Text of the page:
Strawberry leaf

Botanical Name: Fragaria vesca and related species Family: Rosaceae

Common name(s): Wild strawberry, Woodland strawberry, Alpine strawberry

GROWING

  • Perennial; herbaceous | Zone 3-10 | 6-12 inches tall | White leaves followed by red fruit in the spring to early summer. The wild strawberry has smaller fruit than the garden variety.
  • Full sun/partial shade | Prefers rich, moist soil but will tolerate dry

HARVESTING

Gather leaves throughout the growing season

PREPARATION / DOSAGE

Infusion: Pour 1 cup of boiling water over 1 teaspoons of the fresh or dried herb. Steep for 15 minutes. Drink 4-5x/day.

Tincture: 5-15 drops in water 3x/day

External: use a strong decoction on the skin to treat eczema

MEDICAL

Constituents: Essential oil, flavonoids, tannin

Actions: Mild astringent, diuretic

Uses: Diarrhea, dysentery, rheumatism, arthritis, gout, eczema

SOURCES 


I never knew strawberry leaves were medicinal! So much medicine in all plants, it seems! This is in my herbal studies for a reproductive system herb, but I didn’t find any information in my books on it being used for that. And it is not even listed in the two sources I usually use. One book said it isn’t used so much anymore. But it was listed in a recipe for a reproductive tonic, so I expect it contains some nourishing elements.

Blue Cohosh

Botanical Name: Caulophyllus thalictroides Family: Berberidaceae

Common name(s): Blue Cohosh, Squawroot, Papoose Root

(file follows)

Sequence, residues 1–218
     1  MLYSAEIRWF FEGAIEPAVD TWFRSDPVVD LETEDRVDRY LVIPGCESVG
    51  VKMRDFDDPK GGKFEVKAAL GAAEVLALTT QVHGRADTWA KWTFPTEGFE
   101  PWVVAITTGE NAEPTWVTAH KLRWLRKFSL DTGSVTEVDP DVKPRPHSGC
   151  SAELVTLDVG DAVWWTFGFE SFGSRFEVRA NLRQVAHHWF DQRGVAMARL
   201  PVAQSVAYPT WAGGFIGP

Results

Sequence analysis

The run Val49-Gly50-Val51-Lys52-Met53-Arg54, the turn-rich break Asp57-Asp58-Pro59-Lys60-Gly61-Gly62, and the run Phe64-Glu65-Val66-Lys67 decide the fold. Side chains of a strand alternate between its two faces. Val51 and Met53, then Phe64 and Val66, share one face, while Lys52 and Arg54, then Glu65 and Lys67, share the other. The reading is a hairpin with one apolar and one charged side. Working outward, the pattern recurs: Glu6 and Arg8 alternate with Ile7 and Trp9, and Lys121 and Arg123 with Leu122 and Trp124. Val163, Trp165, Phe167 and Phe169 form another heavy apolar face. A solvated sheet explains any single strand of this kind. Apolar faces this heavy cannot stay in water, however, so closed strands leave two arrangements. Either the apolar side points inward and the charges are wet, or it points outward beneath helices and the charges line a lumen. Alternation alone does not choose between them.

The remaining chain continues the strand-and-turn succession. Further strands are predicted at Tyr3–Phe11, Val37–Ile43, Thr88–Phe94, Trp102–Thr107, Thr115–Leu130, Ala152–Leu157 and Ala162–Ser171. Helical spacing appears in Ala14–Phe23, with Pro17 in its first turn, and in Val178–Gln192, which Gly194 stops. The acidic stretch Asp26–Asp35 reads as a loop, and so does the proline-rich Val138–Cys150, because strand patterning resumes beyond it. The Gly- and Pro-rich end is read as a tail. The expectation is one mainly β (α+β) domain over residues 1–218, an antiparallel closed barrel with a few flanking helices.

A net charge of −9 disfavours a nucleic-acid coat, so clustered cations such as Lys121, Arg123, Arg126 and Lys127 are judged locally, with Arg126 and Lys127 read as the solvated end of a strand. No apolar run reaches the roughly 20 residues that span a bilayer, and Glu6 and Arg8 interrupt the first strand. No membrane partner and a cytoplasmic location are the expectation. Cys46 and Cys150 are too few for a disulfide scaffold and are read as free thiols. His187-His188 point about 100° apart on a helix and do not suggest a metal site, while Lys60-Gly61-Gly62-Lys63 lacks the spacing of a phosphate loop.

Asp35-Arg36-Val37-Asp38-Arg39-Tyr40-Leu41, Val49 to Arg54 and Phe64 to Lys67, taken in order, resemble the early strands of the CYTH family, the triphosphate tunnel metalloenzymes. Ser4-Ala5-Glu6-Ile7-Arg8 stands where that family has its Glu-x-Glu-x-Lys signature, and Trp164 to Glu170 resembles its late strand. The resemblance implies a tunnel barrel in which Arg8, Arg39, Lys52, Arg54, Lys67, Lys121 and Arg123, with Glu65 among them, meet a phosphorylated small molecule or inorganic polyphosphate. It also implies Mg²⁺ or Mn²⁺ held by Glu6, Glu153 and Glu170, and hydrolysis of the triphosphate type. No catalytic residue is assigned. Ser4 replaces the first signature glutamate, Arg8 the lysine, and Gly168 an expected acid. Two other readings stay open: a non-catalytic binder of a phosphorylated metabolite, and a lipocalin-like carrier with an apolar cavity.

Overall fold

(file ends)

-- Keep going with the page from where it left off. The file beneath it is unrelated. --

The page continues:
GROWING

  • Perennial; herbaceous | Zone 3-8 | 1-3 feet tall | Leaves dark purple when they emerge then they turn green. Greenish-brown or yellow-brown flowers mid to late spring, turn into waxy yellow flowers that hang below the foliage.
  • Partial to full shade| Moist, hummus-rich, acidic soil | Grows in woods

HARVESTING

Harvest the root/rhizome in Autumn

PREPARATION / DOSAGE

Decoction: Put 1 tsp of the dried root into 1 cup water. Bring to a boil and simmer for 10 minutes. Drink 3x/day.

Tincture: 1-2ml 3x/day

MEDICAL

Constituents: Alkaloids, glycosides, gum, minerals (potassium, magnesium, calcium, iron, silicon, phosphorus), salts, starch, steroidal saponins, resin

Actions: Anti-inflammatory, antirheumatic, antispasmodic, anthelmintic, diaphoretic, diuretic, emmenagogue, uterine tonic

Uses: Menstrual irregularities (including cramping), genito-urinary disorders, worms, colic, easing childbirth

Cautions: Do not take during the first two trimesters of pregnancy

CHINESE MEDICINE

Acrid, bitter, warm, mildly toxic

SOURCES 


This herb may be growing down by my stream. I’ll be looking for it!

Pippsissewa

pippsissewa

Botanical Name: Chimaphilla umballata Family: Ericaceae | Subfamily: Pyrolaceae

Common name(s): Pippsissewa, prince’s pine, ground holly

GROWING

  • Perennial | Zones 5-8 | 6-12 inches tall | Lance-shaped, toothed, waxy leaves (pale underneath). Flowers whitish pink with a ring of red anthers, May – August
  • Found in dry, shady woods

HARVESTING

The whole plant is harvested when in bloom. Leaves can be harvested throughout the season.

PREPARATION / DOSAGE

Infusion: Pour 1 cup of boiling water onto 1 teaspoons of the leaves or root and let sit in a covered container for 5-10 minutes. Drink 3x/day.